7. Bourguignon, Francois & Fields, Gary, 1997. "Discontinuous losses from poverty, generalized P[alpha] measures, and optimal transfers to the poor," Journal of Public Economics, Elsevier, vol. 63(2), pages 155-175, January.
    8. Shoven, John B & Whalley, John, 1984. "Applied General-Equilibrium Models of Taxation and International Trade: An Introduction and Survey," Journal of Economic Literature, American Economic Association, vol. 22(3), pages 1007-1051, September.
    9. Thorbecke, Erik & Jung, Hong-Sang, 1996. "A multiplier decomposition method to analyze poverty alleviation," Journal of Development Economics, Elsevier, vol. 48(2), pages 279-300, March.
    10. Thorbecke, Erik, 1991. "Adjustment, growth and income distribution in Indonesia," World Development, Elsevier, vol. 19(11), pages 1595-1614, November.
    Full references (including those not matched with items on IDEAS)

    More about this item

    Keywords

    POVERTY ; GENERAL EQUILIBRIUM ; ECONOMIC MODELS;

    JEL classification:

    • C68 - Mathematical and Quantitative Methods - - Mathematical Methods; Programming Models; Mathematical and Simulation Modeling - - - Computable General Equilibrium Models
    • D57 - Microeconomics - - General Equilibrium and Disequilibrium - - - Input-Output Tables and Analysis
    • D58 - Microeconomics - - General Equilibrium and Disequilibrium - - - Computable and Other Applied General Equilibrium Models
    • I32 - Health, Education, and Welfare - - Welfare, Well-Being, and Poverty - - - Measurement and Analysis of Poverty
    • O15 - Economic Development, Innovation, Technological Change, and Growth - - Economic Development - - - Economic Development: Human Resources; Human Development; Income Distribution; Migration

    Statistics

    Access and download statistics

    Corrections

    All material on this site has been provided by the respective publishers and authors. You can help correct errors and omissions. When requesting a correction, please mention this item's handle: RePEc:fth:lavape:9909. See general information about how to correct material in RePEc.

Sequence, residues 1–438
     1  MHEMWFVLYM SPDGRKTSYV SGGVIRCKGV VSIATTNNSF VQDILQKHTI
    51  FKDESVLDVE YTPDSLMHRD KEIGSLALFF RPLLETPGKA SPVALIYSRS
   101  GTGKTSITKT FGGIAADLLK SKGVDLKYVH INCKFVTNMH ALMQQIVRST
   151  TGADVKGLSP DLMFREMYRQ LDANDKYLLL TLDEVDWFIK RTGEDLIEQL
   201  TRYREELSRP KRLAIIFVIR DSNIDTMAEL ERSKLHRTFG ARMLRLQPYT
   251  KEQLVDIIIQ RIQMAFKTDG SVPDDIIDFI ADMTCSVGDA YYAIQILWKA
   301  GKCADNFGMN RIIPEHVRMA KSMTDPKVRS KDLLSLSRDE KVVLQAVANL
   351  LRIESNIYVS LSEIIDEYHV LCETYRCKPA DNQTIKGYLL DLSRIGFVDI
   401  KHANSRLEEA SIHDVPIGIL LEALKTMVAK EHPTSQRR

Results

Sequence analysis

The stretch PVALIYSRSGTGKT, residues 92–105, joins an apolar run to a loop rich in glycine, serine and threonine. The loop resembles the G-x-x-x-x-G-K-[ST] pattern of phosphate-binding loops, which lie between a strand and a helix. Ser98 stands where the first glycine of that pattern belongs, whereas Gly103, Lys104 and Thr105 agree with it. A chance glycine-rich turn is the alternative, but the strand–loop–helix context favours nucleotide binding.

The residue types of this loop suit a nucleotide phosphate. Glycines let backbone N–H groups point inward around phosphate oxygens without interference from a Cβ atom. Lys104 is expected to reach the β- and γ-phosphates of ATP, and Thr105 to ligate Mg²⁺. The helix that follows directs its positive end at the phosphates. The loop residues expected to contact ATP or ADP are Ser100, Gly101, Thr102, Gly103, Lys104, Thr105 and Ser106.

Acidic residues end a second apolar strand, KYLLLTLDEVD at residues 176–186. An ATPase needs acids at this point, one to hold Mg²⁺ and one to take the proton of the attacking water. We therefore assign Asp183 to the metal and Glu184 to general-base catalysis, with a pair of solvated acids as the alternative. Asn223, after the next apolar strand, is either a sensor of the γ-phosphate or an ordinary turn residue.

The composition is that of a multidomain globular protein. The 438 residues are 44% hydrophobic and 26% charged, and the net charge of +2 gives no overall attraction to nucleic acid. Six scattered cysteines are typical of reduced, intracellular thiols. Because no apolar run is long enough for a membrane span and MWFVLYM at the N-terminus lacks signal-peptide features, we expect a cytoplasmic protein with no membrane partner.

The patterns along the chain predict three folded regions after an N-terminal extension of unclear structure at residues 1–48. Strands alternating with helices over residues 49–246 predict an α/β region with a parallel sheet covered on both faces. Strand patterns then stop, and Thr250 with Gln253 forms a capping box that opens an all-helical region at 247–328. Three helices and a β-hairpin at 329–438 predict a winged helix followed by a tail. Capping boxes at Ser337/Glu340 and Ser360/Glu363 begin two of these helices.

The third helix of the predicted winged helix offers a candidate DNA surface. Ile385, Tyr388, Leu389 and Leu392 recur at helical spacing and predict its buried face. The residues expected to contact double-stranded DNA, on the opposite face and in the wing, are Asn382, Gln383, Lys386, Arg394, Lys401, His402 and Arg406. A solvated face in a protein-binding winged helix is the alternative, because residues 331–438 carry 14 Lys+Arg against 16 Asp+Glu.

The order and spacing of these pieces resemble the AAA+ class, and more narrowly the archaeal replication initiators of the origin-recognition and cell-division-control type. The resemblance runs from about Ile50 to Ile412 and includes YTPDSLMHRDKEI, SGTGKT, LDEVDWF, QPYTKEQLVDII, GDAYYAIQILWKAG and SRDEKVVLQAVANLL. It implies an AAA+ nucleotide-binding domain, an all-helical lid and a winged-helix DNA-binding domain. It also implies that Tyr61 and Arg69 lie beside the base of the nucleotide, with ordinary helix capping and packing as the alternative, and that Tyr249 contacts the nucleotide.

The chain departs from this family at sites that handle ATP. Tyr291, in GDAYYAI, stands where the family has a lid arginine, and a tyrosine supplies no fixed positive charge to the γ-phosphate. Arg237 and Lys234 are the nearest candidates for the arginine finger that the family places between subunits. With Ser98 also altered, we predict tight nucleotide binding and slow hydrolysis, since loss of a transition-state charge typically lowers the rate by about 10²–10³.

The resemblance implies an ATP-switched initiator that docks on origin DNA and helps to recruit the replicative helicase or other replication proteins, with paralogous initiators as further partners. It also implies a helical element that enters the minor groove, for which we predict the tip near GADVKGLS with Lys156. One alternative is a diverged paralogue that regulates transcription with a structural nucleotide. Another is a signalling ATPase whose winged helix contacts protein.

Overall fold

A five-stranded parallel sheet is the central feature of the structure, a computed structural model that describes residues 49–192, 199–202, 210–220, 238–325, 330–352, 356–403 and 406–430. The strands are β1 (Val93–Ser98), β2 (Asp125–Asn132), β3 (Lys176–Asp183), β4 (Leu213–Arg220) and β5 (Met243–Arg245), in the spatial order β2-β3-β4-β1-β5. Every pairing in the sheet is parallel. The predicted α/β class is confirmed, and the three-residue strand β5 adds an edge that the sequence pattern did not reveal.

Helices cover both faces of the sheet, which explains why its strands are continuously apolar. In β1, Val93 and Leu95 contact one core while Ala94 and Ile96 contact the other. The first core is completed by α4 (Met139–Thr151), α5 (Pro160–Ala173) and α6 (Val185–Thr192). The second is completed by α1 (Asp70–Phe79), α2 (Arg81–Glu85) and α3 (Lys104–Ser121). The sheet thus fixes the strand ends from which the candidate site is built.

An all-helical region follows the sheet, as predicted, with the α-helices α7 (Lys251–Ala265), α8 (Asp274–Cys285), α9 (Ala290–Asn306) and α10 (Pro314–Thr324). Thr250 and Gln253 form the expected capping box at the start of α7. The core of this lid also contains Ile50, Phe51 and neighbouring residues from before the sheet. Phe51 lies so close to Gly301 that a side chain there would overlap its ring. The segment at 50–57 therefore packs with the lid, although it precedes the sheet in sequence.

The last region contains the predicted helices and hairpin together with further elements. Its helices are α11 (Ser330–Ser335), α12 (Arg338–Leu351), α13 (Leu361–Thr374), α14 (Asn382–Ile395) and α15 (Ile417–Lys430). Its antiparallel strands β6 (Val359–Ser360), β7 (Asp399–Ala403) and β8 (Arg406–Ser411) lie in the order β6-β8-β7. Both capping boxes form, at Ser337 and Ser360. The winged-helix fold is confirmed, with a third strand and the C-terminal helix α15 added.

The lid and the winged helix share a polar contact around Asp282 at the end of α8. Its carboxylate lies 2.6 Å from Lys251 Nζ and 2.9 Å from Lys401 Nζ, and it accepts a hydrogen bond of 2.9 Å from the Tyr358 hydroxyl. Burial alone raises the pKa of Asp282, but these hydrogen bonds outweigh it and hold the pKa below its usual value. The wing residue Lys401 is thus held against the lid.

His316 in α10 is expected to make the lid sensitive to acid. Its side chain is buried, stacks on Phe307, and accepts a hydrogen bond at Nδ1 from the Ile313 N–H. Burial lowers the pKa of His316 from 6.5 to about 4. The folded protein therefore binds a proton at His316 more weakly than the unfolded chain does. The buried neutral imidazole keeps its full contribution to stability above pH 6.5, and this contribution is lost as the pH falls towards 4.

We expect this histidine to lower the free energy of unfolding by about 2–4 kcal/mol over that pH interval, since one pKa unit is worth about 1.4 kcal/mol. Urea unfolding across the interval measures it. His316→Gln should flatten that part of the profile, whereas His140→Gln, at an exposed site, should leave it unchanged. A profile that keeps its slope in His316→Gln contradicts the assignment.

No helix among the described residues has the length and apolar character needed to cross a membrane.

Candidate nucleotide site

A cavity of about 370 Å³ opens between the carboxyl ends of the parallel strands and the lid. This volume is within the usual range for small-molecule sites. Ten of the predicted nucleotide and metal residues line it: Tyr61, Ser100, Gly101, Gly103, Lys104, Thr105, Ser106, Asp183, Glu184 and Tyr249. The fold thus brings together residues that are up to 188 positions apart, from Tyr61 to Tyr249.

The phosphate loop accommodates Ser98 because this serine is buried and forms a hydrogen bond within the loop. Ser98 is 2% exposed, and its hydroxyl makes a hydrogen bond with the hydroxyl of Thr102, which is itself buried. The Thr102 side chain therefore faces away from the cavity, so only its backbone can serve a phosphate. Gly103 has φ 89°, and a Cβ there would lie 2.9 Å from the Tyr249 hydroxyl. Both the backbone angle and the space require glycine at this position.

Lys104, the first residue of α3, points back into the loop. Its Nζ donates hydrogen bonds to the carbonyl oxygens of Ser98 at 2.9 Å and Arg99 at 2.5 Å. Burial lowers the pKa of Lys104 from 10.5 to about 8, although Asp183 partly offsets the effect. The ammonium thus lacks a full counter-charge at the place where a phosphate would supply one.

For technical questions regarding this item, or to correct its authors, title, abstract, bibliographic or download information, contact: (Thomas Krichel). General contact details of provider: http://edirc.repec.org/data/delvlca.html .

    If you have authored this item and are not yet registered with RePEc, we encourage you to do it here. This allows to link your profile to this item. It also allows you to accept potential citations to this item that we are uncertain about.

    If CitEc recognized a reference but did not link an item in RePEc to it, you can help with this form .

    If you know of missing items citing this one, you can help us creating those links by adding the relevant references in the same way as above, for each refering item. If you are a registered author of this item, you may also want to check the "citations" tab in your RePEc Author Service profile, as there may be some citations waiting for confirmation.

    Please note that corrections may take a couple of weeks to filter through the various RePEc services.

    IDEAS is a RePEc service hosted by the Research Division of the Federal Reserve Bank of St. Louis . RePEc uses bibliographic data supplied by the respective publishers.